Fasteners

Six IVi-inch drywall screws

One package 1-inch brads

Put the lVi-inch bit in the drill chuck. Clamp the board down on top of a length of scrap wood. Starting the spur of the bit at the center point you marked on the first line at the right-hand end of the board, drill all the way through the piece and into the scrap to make the first entrance hole to the house. Then move to the center point on the second line and drill another hole for the second entrance.

Cutting Out the Pieces

Clamp the board down so that the right-hand end extends at least 12 inches beyond the work surface. Use a jigsaw or handsaw to make the two cuts along the first set of angled lines. This will free the birclhouse front #1 from the workpiece.

Cut along the next set of angled lines on the right-hand end of the board. Then turn the board around, reclamp it, and cut along the angled lines on the other end. Make the two crosscuts along the remaining layout lines. These cuts will free up the birdhouse front #2, the bottom, and the center partition. Note: Do not cut along any layout lines that intersect angled cuts! They are for locating the entrance holes only.

On the length of clapboard, measure and square lines to mark two 12-inch-long pieces for the birclhouse sides and two 13-inch-long pieces to make the roof pieces. Cut them to length and set them aside.

On the birdhouse bottom, mark a point in each corner, about 1 inch in from the closest side and about % inch in from the closest end.

Square a line 6 inches in from one end of the bottom. Mark two points along this line, about 1 inch from either edge.

Put the countersink bit in the drill chuck and use it to drill a hole at each of the six spots you've marked on the birdhouse bottom.

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It is easier and safer to make the angled cuts for the gables while the pieces are still attached to the full board. Be sure your kids follow the order of cutting described in step 8.

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A word about materials: Cedar clapboards are manufactured with one side planed smooth and the other left rough-sawn, so the two sides have very different feels. Which way you position them could ultimately create quite different effects. Although we've specified pine board for the rest of the bird-house. you can make it out of cedar instead and leave it to weather naturally outdoors. So before you begin building, you and your Kids have a basic design decision to make: What will the neighborhood birds prefer - a rough-hewn cabin or a summer cottage?

Twin Birdhouse two pieces together. Repeat the process with the other front piece. (Using screws instead of nails will allow you to remove the bottom for cleaning after the birdhouse's first inhabitants have moved on.)

With the assembly still lying on its side, place one of the 12-inch pieces of clapboard against the side of the birdhouse, with its thick edge at the bottom. Using two or three brads at each location, nail the clapboard onto the two fronts and the center of the birdhouse. Don't get carried away and nail the clapboard to the bottom. That would become a sure source of consternation at clean-out time!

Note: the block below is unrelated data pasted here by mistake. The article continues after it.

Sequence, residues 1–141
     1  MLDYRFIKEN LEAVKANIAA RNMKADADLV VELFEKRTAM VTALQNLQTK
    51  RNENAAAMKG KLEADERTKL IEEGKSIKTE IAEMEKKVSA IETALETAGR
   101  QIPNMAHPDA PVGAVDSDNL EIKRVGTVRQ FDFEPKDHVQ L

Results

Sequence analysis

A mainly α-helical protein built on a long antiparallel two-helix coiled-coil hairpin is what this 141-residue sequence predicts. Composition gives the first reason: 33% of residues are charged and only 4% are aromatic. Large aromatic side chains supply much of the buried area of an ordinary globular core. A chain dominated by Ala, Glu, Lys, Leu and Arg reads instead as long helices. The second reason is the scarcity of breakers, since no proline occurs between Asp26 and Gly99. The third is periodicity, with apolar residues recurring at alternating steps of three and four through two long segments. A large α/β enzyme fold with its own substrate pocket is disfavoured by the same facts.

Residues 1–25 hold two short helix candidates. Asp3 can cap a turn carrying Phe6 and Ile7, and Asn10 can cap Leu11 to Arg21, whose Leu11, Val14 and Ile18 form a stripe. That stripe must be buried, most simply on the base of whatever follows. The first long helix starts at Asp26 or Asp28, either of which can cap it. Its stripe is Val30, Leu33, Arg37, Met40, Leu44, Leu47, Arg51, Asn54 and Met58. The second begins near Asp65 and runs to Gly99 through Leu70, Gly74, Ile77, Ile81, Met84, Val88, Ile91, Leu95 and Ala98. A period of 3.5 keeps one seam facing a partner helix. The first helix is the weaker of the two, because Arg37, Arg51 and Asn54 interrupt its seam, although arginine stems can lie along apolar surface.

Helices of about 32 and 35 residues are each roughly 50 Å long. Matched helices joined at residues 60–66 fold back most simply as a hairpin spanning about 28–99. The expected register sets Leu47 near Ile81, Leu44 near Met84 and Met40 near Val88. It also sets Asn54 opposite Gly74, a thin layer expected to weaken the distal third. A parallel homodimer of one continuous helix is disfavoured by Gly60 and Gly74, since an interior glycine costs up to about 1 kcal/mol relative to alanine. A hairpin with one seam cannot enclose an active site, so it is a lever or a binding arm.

Putting It Ail Together

Set front #1, front #2, and the center partition in a row on edge on the work surface, with their peaks pointing away from you. Place the birdhouse bottom on edge against the bottom edges of the two fronts and the center partition, with the countersunk holes facing you.

Align the center partition with the holes in the center of the bottom piece and drive two 1%-inch drywall screws through the holes into the bottom edge of the partition. Align one front piece with the holes in the end of the bottom piece and drive screws through the holes to fasten these

thick edge at bottom

Twin Birdhouse

Turn the birdhouse over and nail the second piece of 12-inch clapboard to the other side in the same way.

Set the house upright and place one of the 13-inch clapboard roof pieces on top of the walls, with its thin edge at the peak. T he clapboard will hang over the ends of the walls by about half an inch. Nail the roof piece in place by driving two brads through the roof into the center and two front pieces.

Place the second 13-inch roof piece in place, with its thin edge flush to the surface of the first roof piece (this will make it harder for rain to enter). Drive two bracls through the roof into the center and two front pieces.

The Perch

If you want to include a perch, put the %-mch bit in your drill chuck. Bore into one of the fronts of the birdhouse about % inch below the bottom edge of the entry hole. The hole should be about lfi inch deep.

zo. Cut a 3-inch length of Vt-inch dowel, roll one end in a bit of carpenters glue, and push or tap it into the hole you just drilled. 11 you prefer to use a short length of tree branch for a perch, simply cut it to length and shape the end with a knife until it fits into the drilled hole.

If you want to have perches on both fronts of the birdhouse, repeat steps 19 and 20 on the other house front.

Finishing

¿X* Paint polka doii stripeb or any pattern you think the neigborhood birds might, like! However, becau.c this i s an outdoor birdhouse, make sure you paint wiili water proof, pre It r-ably semigloss or glo-i paint. If you have made your bird-house entirely I rum cedar, consider noL painting at all, letiing theweaiho do the finish work for you naturally.

attaching the roof hammer gently to avoid splitting the clapboard

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